I get the impression that some readers think that Health At Every Size means perfect adherence to the standard tenets of health, but without an eye towards weight loss. That’s an easy and reasonable mistake to make, partly since we don’t always go back and define our terms (sorry everyone who’s asked what HAES stood for recently!) and partly because I think it’s easy to interpret HAES that way. Honestly, it’s the simplest way to explain it and I’m sure I’ve explained it like that. But that’s not really what we’re about here, so I wanted to post a quick clarification.
There is nothing about HAES, at least as we advocate it here at Shapely Prose, that says that you need to have optimal scores on every test, that you need to be free of chronic illnesses, that you need to eat like a hippie and work out like an athlete. First of all, there is never a moral imperative to do things that are considered “healthy.” You are not less deserving of respect if you eat fast food, if you smoke, if you repeatedly hit yourself in the head with a hammer. HAES isn’t about marginalizing you if you’re not the perfect picture of glowing cornfed vitality. Shapely Prose certainly isn’t. By the same token, you absolutely don’t have to embrace HAES to participate in the movement — though if you read on, I hope you’ll find that you want to or maybe that you already have.
So you don’t need to be healthy to be good. We’ve written about that before; The Rotund did a particularly good piece on it. But you also don’t need to be “healthy” to be healthy. When we talk about Health At Every Size, we’re not talking about macrobiotic food and treadmills — maybe that’s what works for you, maybe it doesn’t, but it’s not the only face of “healthy living.” What we’re talking about is something a lot more complex and a lot less regimented, something that’s harder to break down into bullet points in a women’s magazine. Something that’s not about following rules or keeping up appearances, but about respecting yourself and doing what is best for you.
HAES can look like bean sprouts and barbells, absolutely. It can also look like hot toddies and resting up. Or like chocolate cake and a long walk. It’s not about feeding yourself “right”; it’s about feeding yourself what nourishes you. It’s not about getting the amount of activity prescribed by the AMA, but getting the amount prescribed by your body.
As an example: Personally, I’m fairly young and able-bodied and need to get exercise mid-day or I crash out in the evening, so I work out every day. But today I cut my workout short, because I was tired. The long workout and the short workout are both HAES; I did them both for the same reason. The long workout isn’t because I have to do a certain amount of exercise to count as “healthy” or “good.” It used to be, but it isn’t anymore. The short one (or the skipped one) isn’t because I’m lazy or weak. They’re both because my body wants a certain amount of activity right then. Likewise, it used to be that if I ate cake, it was because nobody was looking, or someone else was eating cake so it was okay, or because I’d “earned” the right to be “bad.” Now if I eat cake, it’s because I want cake, and if I don’t want cake, I don’t eat it. (Usually. I mean, nobody’s perfect.) Same cake, but one’s HAES and one’s not. It’s got more to do with attitude than behavior. If you’re doing what you’re doing because it’s what you’ve determined — without judging — that you want or need? Then it’s HAES, whether it’s veggies and leglifts or a box of bonbons. If you’re doing what you’re doing because of what someone else might think, or because of an abstract sense of what you ought to do, or because you’re frightened to do something else or can’t think of anything else to do? Then read on, because I think we can convince you that there’s a more nourishing way to live.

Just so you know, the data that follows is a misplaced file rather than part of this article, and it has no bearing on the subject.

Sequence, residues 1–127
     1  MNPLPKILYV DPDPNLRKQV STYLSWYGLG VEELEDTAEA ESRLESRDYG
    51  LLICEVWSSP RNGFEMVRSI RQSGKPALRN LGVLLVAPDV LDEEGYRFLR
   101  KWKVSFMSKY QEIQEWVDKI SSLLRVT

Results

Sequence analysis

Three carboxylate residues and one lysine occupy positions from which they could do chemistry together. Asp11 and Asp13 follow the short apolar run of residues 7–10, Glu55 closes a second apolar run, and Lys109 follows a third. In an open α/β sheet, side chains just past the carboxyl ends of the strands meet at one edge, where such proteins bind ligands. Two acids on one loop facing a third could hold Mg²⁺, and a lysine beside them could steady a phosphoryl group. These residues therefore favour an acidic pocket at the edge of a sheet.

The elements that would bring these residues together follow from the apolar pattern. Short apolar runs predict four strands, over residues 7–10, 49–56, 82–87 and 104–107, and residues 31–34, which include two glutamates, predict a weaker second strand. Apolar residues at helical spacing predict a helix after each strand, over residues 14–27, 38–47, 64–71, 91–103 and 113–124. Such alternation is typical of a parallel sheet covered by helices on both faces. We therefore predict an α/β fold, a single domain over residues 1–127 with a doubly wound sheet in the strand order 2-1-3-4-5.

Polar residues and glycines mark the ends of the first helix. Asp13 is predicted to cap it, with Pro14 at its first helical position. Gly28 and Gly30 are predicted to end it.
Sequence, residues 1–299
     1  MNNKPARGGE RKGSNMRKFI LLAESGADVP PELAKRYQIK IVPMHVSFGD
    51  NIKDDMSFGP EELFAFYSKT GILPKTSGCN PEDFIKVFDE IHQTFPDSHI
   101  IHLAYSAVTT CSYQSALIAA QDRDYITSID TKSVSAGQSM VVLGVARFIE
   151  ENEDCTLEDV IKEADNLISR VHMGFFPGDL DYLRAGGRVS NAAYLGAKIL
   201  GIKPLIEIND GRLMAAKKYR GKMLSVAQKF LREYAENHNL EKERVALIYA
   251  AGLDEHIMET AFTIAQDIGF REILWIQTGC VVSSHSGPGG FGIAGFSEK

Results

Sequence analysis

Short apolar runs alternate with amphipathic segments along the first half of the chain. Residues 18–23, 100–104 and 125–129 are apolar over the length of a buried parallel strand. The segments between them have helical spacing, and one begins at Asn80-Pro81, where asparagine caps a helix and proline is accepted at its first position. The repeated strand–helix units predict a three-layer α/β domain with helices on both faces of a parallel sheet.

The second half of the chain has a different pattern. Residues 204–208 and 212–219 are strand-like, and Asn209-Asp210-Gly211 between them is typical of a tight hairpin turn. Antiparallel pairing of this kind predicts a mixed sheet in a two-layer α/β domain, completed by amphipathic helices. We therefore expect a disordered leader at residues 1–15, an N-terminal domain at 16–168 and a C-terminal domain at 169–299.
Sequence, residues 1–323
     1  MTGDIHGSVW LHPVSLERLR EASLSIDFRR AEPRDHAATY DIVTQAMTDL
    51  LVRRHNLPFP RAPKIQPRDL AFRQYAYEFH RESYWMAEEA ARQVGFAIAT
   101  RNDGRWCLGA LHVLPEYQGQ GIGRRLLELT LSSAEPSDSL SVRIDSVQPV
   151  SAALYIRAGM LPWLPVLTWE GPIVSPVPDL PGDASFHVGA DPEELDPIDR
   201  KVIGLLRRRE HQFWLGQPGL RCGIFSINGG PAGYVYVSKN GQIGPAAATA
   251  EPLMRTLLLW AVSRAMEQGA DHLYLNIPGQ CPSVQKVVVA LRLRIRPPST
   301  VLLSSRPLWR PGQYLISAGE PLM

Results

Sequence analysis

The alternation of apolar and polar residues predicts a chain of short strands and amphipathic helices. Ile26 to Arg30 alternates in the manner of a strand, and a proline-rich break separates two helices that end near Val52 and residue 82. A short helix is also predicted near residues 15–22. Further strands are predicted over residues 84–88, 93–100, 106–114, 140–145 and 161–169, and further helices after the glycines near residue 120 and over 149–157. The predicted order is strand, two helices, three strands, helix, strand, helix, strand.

Just to be perfectly clear, we here at SP do NOT look like the Pictures of Health all the time. Regular readers know this — you’ve heard stories about Kate force-feeding herself Italian subs and whatnot — but it’s easy to forget because we talk abstractly sometimes. But I don’t want anyone reading “I practice Health At Every Size” to mean “I may be fat, but my refrigerator looks like a food co-op and I have a closet full of matching workout outfits and running shoes.” There are plenty of reasons why a lifestyle like that might be out of reach for someone — money, physical condition, or just a lack of inclination. But HAES means something a lot more complex than “fat in body, thin in habits.” It means a life based on something deeper than self-recrimination. And it’s possible for everybody.